But now my eye sees You (Job 42:5)
It has been a rough year for my wife and I. And it does not appear that the seas are going to calm anytime soon. So, for now, the temptation we most face and most need to fight against and most need to meditate against and most need to pray against is that slippery presumption that our present sense of deep pain is an accurate perception of our Savior and Lord and His purposes for our lives.
Job confronted this temptation. Convinced of his own moral innocence in view of his great suffering, Job began to question God’s justice and presence and care. In a flood of presumption, then, Job summoned the Lord to answer his claims (chs. 29-31):
Oh that I had one to hear me!Interestingly enough, the Lord answers Job. But not with a legal argument or a with philosophical defense or even with a moral justification. In fact, the Lord's answer never addresses any of Job's charges directly nor does He ever fully explain the backdrop to Job's suffering (cf. chs. 1-2). The Lord gave Job something entirely different and, yet, altogether more wonderful than anything Job had requested.
Behold, here is my signature;
Let the Almighty answer me!
And the indictment which my adversary has written (Job 31:35)
Job’s despair, and my despair, is so often aided by the blinders that great sorrow draws over one's faith. And so the mercy of God is revealed, not with a detailed theodicy, but in something quite simple... the removal of the blinders and the revealing of God Himself.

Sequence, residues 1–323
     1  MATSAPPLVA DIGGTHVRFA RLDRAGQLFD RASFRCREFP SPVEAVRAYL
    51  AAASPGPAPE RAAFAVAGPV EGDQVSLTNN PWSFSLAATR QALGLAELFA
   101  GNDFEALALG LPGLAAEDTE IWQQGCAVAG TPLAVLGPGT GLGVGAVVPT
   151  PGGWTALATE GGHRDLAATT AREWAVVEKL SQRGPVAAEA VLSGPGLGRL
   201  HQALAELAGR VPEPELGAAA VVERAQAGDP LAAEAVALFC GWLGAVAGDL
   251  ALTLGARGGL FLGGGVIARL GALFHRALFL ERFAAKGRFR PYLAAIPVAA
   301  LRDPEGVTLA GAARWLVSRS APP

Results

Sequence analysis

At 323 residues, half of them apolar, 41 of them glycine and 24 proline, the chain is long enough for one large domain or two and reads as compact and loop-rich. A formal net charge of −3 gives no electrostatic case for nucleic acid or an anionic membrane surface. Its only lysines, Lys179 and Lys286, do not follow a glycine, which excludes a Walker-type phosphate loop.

God granted Job exactly what he needed, to see Him. The neglect of the eternal verities of God’s person and character is soil from which hopelessness grows. So that as I suffer, what I most need is to see my God:
His immensity surely ought to deter us from measuring Him by our sense, while His spiritual nature forbids us to indulge in carnal or earthly speculation concerning Him. With the same view He frequently represents heaven as His dwelling-place. It is true, indeed, that as He is incomprehensible, He fills the earth also, but knowing that our minds are heavy and grovel on the earth, He raises us above the worlds that He may shake off our sluggishness and inactivity.This is why I believe that the account of Job is a record of hope. When I suffer, and I begin to measure Him by my pain, I most need and am most desperate to see God. I need such a vision of Him that all those creeping doubts and presumptuous motives for despair are quenched by His glory.
- Calvin, The Institutes, I.13.1 (emphasis added)